Recommended research resources for translations for Switzerland

You might remember reading about Swissisms and language rules that apply to Swiss German in our last newsletter. We shared a few funny examples of differences between the variants of the language used in Switzerland and Germany. As a follow up, we’re back with some handy hints to help you with your research when you’re working on translations for Swiss clients.

Illustration people researching

You can’t produce a professional translation without doing your research. We know that our freelance partners are seasoned pros, so we have no doubt that you all have some research tips and tricks of your own up your sleeves. Most of you probably turn to Google as your search engine of choice. But do you remember to update the region and language settings? When you’re working on projects for Apostroph, you’ll usually need to head to because almost all of our work is for Swiss clients. We’ll be sure to let you know when we send out the order if that’s not the case for a particular project. You can also change the region to Switzerland under the ‘Search Settings’ on Google (or just click on ‘Current Region’ if you live in Switzerland). Click on ‘Language’ to make sure the search results are displayed in the right language. Updating these settings will make it more likely that the search results you’re shown are relevant for Switzerland specifically.

Screenshot of Google

Switzerland’s multilingualism is a cultural asset and it also makes your life easier when you’re conducting research. For example, government sites are usually available in at least three languages and you know you can trust the terminology. Professional linguists who produce translations for Switzerland are bound to rely heavily on Termdat, the federal administration’s huge terminology database. It should be your first port of call for research for texts of a legal and administrative nature and it can be really helpful for translators working in lots of other fields like education, energy and finance. The Terminology Section also offers courses on terminology on request. If you’re translating

into French or German, the websites for bilingual cantons can also be a handy resource (e.g.,,

If you’re stuck on the terminology in a text relating to criminal law, it might be worth checking out Jurivoc, a trilingual thesaurus provided by the Swiss Federal Supreme Court.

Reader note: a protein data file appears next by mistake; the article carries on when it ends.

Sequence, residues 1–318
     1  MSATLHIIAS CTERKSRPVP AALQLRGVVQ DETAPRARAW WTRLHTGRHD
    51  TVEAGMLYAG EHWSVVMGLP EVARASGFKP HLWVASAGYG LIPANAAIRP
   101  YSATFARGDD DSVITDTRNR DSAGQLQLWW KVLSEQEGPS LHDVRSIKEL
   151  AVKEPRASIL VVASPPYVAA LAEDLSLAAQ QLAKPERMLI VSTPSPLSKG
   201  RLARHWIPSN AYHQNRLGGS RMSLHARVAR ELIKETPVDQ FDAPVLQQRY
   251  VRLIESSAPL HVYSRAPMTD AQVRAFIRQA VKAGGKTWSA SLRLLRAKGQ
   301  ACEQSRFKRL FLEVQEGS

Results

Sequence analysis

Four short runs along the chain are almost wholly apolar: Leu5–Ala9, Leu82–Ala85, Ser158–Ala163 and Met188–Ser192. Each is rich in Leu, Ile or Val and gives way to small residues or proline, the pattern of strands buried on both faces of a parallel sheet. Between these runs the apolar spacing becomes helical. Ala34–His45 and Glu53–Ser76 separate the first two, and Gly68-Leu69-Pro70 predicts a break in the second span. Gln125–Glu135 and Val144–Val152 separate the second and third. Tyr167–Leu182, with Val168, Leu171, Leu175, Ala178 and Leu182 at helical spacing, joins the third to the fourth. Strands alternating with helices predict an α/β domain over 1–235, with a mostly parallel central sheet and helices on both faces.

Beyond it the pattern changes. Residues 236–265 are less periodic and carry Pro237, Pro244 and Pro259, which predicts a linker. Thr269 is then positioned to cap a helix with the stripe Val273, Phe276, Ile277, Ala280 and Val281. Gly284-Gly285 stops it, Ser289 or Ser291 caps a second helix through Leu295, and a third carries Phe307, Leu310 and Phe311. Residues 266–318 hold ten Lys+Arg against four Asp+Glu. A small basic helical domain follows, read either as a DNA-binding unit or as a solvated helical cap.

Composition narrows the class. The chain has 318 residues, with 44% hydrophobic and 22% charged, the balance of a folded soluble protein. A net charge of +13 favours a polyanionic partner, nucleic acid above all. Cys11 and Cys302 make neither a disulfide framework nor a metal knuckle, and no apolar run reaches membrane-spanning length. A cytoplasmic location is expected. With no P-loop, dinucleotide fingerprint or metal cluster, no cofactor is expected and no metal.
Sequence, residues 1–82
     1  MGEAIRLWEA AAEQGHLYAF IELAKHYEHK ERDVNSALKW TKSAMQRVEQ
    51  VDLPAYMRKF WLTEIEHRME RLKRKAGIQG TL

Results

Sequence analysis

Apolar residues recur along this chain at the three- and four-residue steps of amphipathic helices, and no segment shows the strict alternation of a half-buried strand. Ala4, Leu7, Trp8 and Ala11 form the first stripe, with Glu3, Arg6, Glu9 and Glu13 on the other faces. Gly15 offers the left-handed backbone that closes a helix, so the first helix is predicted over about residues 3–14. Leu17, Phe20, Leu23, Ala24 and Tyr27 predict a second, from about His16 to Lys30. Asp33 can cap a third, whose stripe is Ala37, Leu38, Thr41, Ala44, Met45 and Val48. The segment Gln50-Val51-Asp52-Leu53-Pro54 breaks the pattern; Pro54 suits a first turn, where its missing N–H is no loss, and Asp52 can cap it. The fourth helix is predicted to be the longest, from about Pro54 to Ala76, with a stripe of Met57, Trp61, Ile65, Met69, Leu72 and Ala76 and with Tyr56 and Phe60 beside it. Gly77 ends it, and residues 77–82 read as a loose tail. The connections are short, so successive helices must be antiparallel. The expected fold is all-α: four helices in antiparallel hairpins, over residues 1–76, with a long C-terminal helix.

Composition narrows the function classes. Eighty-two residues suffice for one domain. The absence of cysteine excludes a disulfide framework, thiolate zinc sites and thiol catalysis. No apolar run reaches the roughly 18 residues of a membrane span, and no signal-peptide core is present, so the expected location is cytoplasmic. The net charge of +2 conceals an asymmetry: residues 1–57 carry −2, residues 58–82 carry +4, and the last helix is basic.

For historical texts and highly specific Swiss content, we recommend you have a look at the Historical Dictionary of Switzerland, a specialist academic resource that is free to access and available in three languages (DE, FR and IT), making it one of a kind. And you can make use of its glossary – the Glossarium Helvetiae Historicum – which contains the correct names of cantons, regions, valleys, mountains, lakes, mountain passes and so much more. The entries also provide historical background information. This website is definitely worth a visit!

If you’re trying to find how company names should be translated (if at all), Switzerland’s Central Business Name Index at should help you out. Just type a company name into the search bar to access the information on record.

Screenshot of Website

Trying searching for Apostroph and you’ll see that our branch in Lausanne is called Apostroph Lausanne SA and not Apostroph Lausanne AG. But there are some companies out there that choose not to translate the AG/SA, so their name stays the same in all languages. You can find out all sorts of information like this on the Zefix site.

Another website we find useful is the multilingual Professional Directory provided by the State Secretariat for Education, Research and Innovation (SERI). It contains professional and academic titles in German, French and Italian – a real lifeline when you’re translating CVs, certificates, job adverts and other HR texts.

About Switzerland provides all kinds of information about Switzerland and it’s all in English. But you do need to bear in mind that this website is pretty old and some of the facts and figures are out of date now. And the terminology is actually incorrect in places. If you proceed with caution, though, it can still be a useful resource for English translators who are in need of a decent overview of Switzerland to inform their translations for Swiss clients. The information in English is divided up into sections – culture, education, politics, economy and so on. Just remember to always double check the terminology on Termdat.

Depending on what exactly you’re translating, you might find that websites for big Swiss companies are another useful resource for your research since they’re often available in multiple languages. You might even get lucky and find one that’s been translated by Apostroph and is bound to be a reliable resource thanks to the outstanding work of our professional freelance partners.

Share your top tips with us

Which tools do you rely on when researching for your work? What are your favourite websites that you can’t live without? Do you have a top tip or two you could share with your fellow translators?

We look forward to your tops and tricks landing in our inbox! Email us at

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